When my partner and I started our agency in 2011, we couldn’t afford a physical office and had to ‘work’ from home. I considered this liberation from an actual work place to be the most enjoyable part of my new life. High on entrepreneurship ideals, I wrote proposals from my bed, took naps during working hours and stayed in my comfy pyjamas for days. But alas, after a few months, my wife was sick of me lazing around at home all day and forced me out and Ishtehari had to find a proper office.
Nearly a decade later, I’m back to square one. This time, however, things are a little different. Our five-year-old is in the mix too, and I now actually want a dedicated physical office to ‘go’ to. Suffice it to say that the last two weeks have been interesting. I’m no expert, but here are some hacks that might help you juggle work and family in the same physical space a little better.
1. Set Boundaries Around ‘Busy Time’
Assuming your kid is old enough to comprehend this concept (and hopefully your spouse too), establish the sanctity of work time. Declare a start and an end time for your day and be disciplined about sticking to it with yourself and your family. If you are in advertising this will be tough… but the other alternative is burnout and/or insanity. I have told my son to video call me on WhatsApp if he wants to ask me something in my busy time, even if he is literally across the table from me. If I’m busy, I can choose to decline the call and he gets the message.
2. Be Generous With Breaks
Breaks are about balancing the rigidity of busy time. I have a hunch that most of us don’t realise exactly how much unproductive time there is at the office as well. Now that you don’t have co-workers to distract you, you can funnel that into family time. If both parents are in WFH mode, you will want to schedule this properly. Use these breaks to do essential but unconventional activities together, like making a healthy snack or fixing some Dalgona Coffee.
3. Explain Your Work Persona
Most people have a different personality at work compared to how they behave at home. This can be disorienting, especially for spouses when they eavesdrop on your calls (“OMG you are such a take-charge type with your co-workers, while with us you are a disorganised lazy bum!). You may want to explain this concept to your significant other and let them discreetly sit in your virtual meetings so they can discover this other side of you.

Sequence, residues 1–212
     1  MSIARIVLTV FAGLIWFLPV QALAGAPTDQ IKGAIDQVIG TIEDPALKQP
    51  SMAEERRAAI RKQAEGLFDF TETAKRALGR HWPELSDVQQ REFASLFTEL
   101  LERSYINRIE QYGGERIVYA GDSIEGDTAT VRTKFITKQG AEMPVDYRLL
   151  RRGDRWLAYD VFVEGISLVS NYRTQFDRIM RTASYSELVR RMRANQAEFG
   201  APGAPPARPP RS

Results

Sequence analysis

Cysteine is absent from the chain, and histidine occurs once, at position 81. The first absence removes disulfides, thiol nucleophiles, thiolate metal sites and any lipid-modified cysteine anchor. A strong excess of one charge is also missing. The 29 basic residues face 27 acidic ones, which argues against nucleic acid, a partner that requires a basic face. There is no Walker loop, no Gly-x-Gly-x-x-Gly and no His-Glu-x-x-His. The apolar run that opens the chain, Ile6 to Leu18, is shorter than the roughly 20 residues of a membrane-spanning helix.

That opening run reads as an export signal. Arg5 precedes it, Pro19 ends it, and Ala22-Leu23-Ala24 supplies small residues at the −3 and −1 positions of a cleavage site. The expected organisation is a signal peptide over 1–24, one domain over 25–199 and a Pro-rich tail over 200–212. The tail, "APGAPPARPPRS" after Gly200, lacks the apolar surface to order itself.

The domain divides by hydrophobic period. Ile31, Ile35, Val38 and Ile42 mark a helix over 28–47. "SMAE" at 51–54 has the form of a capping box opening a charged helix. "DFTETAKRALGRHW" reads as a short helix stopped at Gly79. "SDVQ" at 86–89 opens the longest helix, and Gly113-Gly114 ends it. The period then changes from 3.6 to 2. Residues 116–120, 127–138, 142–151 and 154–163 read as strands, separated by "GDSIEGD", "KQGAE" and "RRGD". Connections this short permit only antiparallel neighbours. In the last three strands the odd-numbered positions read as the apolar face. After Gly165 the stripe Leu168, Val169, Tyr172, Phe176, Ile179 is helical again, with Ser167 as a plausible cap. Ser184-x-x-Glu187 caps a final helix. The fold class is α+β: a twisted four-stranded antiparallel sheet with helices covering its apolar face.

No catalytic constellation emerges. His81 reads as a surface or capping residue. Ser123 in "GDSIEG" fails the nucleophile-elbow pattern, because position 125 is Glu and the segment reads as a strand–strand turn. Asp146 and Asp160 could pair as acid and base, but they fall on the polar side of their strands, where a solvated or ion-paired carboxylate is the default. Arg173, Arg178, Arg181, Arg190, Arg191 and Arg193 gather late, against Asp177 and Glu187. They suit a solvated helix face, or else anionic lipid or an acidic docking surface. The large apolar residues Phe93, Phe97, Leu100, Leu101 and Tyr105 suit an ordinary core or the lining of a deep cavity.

4. Recognise the ‘Home’ in WFH
Your home is a sacred space that you share with family members and is not designed for work productivity. I know it’s a necessity in Covid times, but most of us are effectively invading our kids’ spaces, behaving like the Somali pirate in Captain Phillips. So be gentle and accommodating and remember that everybody is in the same boat. If your kid accidentally bumps into the webcam frame, don’t be embarrassed. Introduce him/her by name as your ‘helper’ and I’m sure the other side with understand.
5. Rediscover the Power of Audio
Now is the time to put those headphones and Bluetooth speakers to good use. Queue up some brown or white noise playlists to help block out household sounds. This is also a great opportunity to introduce kids to podcasts. There is an entire world of amazing audio content out there which is free and caters to almost every age group and topic. Best part? No screen time!
6. Create a Worry-Free Perimeter
If you have kids in that age range, now is the perfect time to map out a worry-free zone in your house. It doesn’t have to be super big. Cordon off one area and put clear markers around the boundary so that your kids know where it begins and where it ends. Within it, take out all the things that could be dangerous or potentially messy and put in all the things they will enjoy. Don’t overdo it, use this space strategically when you need to focus and want to let your guard down. You can probably try this on your spouse too, but discreetly (evil grin).
They say that Covid-19 will fundamentally change the way the world behaves. Who knows? Maybe commuting and physical office spaces will be relics soon. Will the home-office become a standard feature of our life? Will we have to re-evaluate the importance of family-time versus work-time in our waking hours? Whoops, I’m getting a WhatsApp call from my son/helper. Gotta go!
Umair Kazi is Partner, Ishtehari.